Halfway through the first half of Saturday’s game, Paige Monaghan stood right at the corner of the six-yard box with an open goal in front of her and the ball at her feet. Instead of scoring, she rushed and mis-hit and sent it into the side netting. If Racing had scored here, there is no question the trajectory of the game would have changed. It might not have been a win, but if everything else stayed exactly the same, it would have been Racing’s first draw against the Courage. If it gave Racing enough momentum, it could have been their first win versus North Carolina.

This isn’t to pick on Monaghan at all. It’s just that in a game filled with missed chances, this was the most heartbreaking. Kirsten Davis and Wang Shuang also missed close shots from the top of the six-yard box in the first half and Ary Borges missed one from inside the goal area halfway through the second half. All these are to show that Racing had more than enough opportunities to win this game. They just couldn’t finish.

What Racing is missing − and has frankly missed for most of its history − is a truly clinical No. 9. When Nadia Nadim has been healthy, she’s served that role quite well, but the problem is that she hasn’t been able to stay healthy. Between Uchenna Kanu, Wang Shuang, Monaghan, and Davis, however, this should not be as big a problem as it is. All these players − and the whole team, really − are creating chances, but they have not been able to finish them regularly enough for Racing to be dominant. Defensively, they’re unquestionably better. The midfield is unquestionably better. Katie Lund remains as reliable as ever in goal. On the forward line, Racing is getting enough crosses out and they’re sending running into the box better than they ever have. They just cannot finish clinically.

Of course, the fact they’re finally getting shots off consistently is a great trend compared to last year and the year before. But Racing is getting far too many shots on frame and creating far too many chances not to be getting more goals. As mentioned before, the top teams are starting to break away from the bottom teams in the standings. If Racing doesn’t start scoring more goals, all the positive trends and growth in the world won’t outweigh the fact that Racing will be missing out on wins that they are doing enough work to deserve.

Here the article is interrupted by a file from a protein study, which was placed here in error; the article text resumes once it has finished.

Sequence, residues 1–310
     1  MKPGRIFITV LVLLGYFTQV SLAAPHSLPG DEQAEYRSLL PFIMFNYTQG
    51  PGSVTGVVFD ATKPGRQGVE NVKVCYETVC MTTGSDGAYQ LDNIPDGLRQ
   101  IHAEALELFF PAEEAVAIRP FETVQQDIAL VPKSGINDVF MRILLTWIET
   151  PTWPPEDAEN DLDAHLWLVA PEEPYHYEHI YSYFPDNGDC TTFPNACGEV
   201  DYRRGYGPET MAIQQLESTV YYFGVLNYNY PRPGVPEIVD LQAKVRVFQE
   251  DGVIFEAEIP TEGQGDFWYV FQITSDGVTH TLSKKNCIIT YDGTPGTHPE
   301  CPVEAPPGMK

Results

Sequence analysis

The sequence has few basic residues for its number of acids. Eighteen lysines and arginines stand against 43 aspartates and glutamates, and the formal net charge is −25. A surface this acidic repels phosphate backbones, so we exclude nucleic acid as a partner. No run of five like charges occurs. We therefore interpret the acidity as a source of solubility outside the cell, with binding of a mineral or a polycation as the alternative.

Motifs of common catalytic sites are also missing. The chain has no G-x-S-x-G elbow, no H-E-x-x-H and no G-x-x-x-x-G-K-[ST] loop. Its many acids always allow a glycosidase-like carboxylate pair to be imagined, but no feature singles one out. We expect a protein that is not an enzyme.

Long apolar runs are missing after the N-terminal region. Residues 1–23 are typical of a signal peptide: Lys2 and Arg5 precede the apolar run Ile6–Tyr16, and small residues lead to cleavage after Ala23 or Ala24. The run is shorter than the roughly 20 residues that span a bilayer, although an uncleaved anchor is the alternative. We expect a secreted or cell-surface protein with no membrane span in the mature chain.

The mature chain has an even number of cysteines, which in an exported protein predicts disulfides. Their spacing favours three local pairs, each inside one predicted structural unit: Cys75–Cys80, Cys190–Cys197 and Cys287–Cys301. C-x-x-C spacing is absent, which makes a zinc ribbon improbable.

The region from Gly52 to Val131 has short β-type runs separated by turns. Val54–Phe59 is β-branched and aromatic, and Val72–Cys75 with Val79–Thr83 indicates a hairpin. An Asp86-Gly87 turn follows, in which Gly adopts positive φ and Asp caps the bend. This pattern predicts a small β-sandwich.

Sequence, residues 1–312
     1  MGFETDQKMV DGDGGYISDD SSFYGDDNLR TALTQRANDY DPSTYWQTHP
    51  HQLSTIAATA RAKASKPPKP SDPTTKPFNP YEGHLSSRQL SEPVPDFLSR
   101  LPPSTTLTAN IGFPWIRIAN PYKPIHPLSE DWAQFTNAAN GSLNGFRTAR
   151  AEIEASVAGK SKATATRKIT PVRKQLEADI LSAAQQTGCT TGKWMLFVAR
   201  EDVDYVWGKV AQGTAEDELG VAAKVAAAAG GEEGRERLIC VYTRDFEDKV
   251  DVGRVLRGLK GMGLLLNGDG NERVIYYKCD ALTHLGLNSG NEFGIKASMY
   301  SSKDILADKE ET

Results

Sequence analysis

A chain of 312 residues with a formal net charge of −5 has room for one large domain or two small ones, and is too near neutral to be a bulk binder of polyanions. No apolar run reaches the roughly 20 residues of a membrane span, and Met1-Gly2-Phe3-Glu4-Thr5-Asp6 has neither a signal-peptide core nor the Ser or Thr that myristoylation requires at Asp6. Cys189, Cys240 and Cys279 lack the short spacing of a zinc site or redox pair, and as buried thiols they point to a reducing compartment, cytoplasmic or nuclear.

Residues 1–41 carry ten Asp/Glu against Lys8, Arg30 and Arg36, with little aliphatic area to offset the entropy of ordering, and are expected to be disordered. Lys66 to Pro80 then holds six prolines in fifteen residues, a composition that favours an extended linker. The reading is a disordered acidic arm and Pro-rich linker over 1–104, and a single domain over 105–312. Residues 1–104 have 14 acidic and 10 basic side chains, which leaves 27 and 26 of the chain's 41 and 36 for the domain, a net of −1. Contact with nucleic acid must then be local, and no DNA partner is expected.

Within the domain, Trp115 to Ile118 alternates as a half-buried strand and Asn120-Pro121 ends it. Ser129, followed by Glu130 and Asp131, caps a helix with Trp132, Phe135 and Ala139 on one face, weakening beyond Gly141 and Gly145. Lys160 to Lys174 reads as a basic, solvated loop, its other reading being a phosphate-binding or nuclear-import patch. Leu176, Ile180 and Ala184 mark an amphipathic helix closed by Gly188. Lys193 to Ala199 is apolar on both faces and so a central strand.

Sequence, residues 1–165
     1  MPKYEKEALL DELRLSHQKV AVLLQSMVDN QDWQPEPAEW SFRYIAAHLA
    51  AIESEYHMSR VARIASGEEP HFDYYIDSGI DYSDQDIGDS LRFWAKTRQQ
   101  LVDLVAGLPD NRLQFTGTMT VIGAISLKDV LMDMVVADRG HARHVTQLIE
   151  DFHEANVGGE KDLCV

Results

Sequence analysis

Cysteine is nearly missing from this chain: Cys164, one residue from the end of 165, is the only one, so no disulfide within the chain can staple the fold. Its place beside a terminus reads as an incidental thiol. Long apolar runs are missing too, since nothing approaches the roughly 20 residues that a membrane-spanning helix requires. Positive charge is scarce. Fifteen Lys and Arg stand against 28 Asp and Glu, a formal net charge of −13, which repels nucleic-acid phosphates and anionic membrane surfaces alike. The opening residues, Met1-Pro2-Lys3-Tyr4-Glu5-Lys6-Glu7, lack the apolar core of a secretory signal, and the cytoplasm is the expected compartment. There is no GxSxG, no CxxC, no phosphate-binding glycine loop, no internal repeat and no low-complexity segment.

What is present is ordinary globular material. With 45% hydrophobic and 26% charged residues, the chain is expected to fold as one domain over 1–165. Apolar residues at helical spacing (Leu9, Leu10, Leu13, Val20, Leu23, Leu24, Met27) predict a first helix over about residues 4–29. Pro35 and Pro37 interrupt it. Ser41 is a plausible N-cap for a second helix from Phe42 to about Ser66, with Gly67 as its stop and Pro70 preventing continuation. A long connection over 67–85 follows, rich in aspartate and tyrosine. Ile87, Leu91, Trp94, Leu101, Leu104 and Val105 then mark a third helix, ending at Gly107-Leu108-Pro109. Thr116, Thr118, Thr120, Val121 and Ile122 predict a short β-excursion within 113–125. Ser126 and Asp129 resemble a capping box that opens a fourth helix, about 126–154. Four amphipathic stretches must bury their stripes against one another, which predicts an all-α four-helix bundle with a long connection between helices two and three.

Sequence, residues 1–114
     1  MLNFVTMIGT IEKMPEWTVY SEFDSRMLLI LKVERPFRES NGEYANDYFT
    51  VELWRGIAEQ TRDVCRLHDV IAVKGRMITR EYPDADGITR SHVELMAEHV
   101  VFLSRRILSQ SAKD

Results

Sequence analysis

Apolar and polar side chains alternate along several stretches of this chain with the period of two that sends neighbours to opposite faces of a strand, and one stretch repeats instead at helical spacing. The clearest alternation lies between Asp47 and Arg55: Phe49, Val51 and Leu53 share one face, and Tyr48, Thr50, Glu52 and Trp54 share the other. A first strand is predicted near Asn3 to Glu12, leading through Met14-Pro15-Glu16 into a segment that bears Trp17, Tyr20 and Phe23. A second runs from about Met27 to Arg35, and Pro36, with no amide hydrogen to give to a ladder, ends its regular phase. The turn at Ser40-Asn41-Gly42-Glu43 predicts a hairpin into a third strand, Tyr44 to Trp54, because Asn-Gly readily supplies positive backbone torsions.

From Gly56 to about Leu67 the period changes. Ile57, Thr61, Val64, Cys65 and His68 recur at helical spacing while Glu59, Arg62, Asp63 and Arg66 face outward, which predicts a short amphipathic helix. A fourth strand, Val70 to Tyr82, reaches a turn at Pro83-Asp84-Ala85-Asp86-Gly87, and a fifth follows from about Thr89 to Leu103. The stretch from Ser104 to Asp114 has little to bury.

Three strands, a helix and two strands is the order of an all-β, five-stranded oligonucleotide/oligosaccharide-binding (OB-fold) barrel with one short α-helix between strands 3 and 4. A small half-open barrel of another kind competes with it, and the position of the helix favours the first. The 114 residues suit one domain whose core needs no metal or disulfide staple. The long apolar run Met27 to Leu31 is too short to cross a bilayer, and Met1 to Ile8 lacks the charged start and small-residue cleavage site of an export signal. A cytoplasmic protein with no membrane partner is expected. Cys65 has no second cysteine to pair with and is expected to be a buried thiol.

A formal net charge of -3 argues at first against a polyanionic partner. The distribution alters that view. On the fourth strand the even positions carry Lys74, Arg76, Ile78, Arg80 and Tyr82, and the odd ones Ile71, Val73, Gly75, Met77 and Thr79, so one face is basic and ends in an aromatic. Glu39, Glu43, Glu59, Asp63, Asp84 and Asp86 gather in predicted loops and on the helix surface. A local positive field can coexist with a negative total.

Savannah DeMelo versus the Courage’s Denise O’Sullivan / Image courtesy USA Today-EM Dash Photos

Better Adjustments

One of the bigger positives of the night for Racing is the fact that they adjusted well to the game as it played out. In previous matches, one of Racing’s biggest issues is that they could not adjust to games when they went off-script. We saw this in both the Angel City and OL Reign matches where Racing went up two and ended up settling for draws.

In their recent three-game winning streak, Racing essentially dominated all the matches and the other team could barely get a foothold. Even in the Challenge Cup match against Kansas City, the 3-2 looks closer than the match actually was.

On Saturday, Howell said that Racing got a bit of a slow start because North Carolina came out tactically in a way they didn’t anticipate. Even though the Courage dominated possession in that half, Racing had far better chances and clearly figured out how to adjust to what North Carolina was throwing at them. Even in the second half, neither goal scored against them was really the fault of North Carolina outplaying Racing. The first goal was at an absurd angle and the second was in transition, which is the great risk of employing the high press. The high press is high risk and high reward. Kerolin’s goal was the risk, but as discussed above Racing had more than enough chances to be rewarded, but just couldn’t finish them.

Even so, seeing Racing figure out how to adjust on the fly to a historically strong team is a good sign. It shows that they are learning together and feeling more confident. Now how much they’ve learned will be put to the test when they head off on a two-game away stint in the coming week.

Lauren Milliet moves past the Courage’s Kerolin / Image courtesy USA Today-EM Dash Photos